Saturday, 05 November 2005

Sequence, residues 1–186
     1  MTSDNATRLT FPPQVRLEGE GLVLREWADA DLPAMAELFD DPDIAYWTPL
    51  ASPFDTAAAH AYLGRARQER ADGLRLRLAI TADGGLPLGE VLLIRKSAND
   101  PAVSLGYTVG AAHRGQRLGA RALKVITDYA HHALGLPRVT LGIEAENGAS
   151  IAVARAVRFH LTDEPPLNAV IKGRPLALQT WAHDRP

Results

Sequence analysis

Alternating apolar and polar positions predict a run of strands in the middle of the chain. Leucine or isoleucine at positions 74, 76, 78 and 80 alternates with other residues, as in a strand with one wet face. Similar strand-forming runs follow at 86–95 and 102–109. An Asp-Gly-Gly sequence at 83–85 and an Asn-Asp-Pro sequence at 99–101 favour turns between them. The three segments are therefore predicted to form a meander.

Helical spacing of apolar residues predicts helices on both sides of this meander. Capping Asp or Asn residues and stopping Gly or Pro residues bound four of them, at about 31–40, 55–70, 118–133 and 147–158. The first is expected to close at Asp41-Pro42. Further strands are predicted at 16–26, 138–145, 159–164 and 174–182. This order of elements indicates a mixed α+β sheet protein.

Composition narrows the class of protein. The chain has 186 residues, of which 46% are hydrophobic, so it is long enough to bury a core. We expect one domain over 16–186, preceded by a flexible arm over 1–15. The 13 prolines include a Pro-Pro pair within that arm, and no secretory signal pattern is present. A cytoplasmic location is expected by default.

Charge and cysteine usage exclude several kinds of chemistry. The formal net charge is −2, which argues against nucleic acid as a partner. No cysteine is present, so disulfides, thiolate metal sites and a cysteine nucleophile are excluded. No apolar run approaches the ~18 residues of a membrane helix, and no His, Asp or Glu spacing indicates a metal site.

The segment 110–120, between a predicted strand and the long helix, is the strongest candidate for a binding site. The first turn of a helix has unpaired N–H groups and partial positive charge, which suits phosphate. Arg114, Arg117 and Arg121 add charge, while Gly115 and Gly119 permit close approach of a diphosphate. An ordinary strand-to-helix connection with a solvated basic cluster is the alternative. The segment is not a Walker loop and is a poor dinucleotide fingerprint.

Unbuilding the World Trade Center;or, Another Vaguely Political Post William Langewische's "American Ground" articles—first published in The Atlantic Monthly and later compiled into the slim but substantial American Ground —passionately describe the "unbuilding of the World Trade Center" without ever invoking the larger consequences of its destruction. The War on Terror never enters the scene. Neither does the Bush Administration. The fallen Twin Towers don't represent the first volley in a global conflict so much as they are the lost livelihood of the men who helped build, manage and later dismantle them. Not that Langewische even needed to allude to the burdensome emotional and metaphorical baggage of that day or its daily evocation. It is the undefendable slapshot in the game of American politics, the justification for affairs foreign and domestic. He need not say anymore. Yet his deliberate decision to focus on the lives of those who work "the pile" still unsettles me. How can he not talk about the impact their fall had on American politics, on affairs both foreign and domestic? How can he concentrate on the lives of the engineers who "unbuild" these fallen metaphors of American eminence when they fell because they were metaphors and were mourned for much the same reason? Early in the article he provides one possible explanation: But the buildings were not buildings anymore, and the place where they fell had become a tabula rasa for the United States. Among the ruins now, a large and unscripted experiment in American life had gotten under way. This "unscripted experiment" does not consist of patriotic pablum, but of the "emergence" of order from chaos. Cognates of "emerge" litter the essay, appearing almost any time he discusses the organizational structure of the recovery effort. The strict hierarchies of corporate America, the networks of old boys returning favors—they all falter and collapse at the site. They are replaced with the very substance they claim to embody: the meritorious selection of those who can get the job done on the basis of their getting the job done. The meritocracy of the pile put to lie the "meritocracy" of corporate America by consistently selecting those best suited to the job; but "selected," Langewiesche suggests, is too strong a word, and so he employs "emerges" instead. Why did the old boy network break down? Langewiesche offers some clues: Freon is a manufactured product containing chlorofluorocarbons (CFCs), and its use has been restricted by international accord because of the damage it does to the atmosphere's protective ozone layer. The threat it posed at the Trade Center was more immediate, and stemmed from the fact that it is a heavy gas and it aggressively displaces the oxygen in the air that people breathe. With the huge quantities potentially involved here (as much as 168,000 pounds, under pressure, if the tanks remained intact), a sudden leak would fill the voids underground and spread across the surface of the pile, suffocating perhaps hundreds of workers caught out on the rough terrain and unable to move fast. To make matters worse, if...

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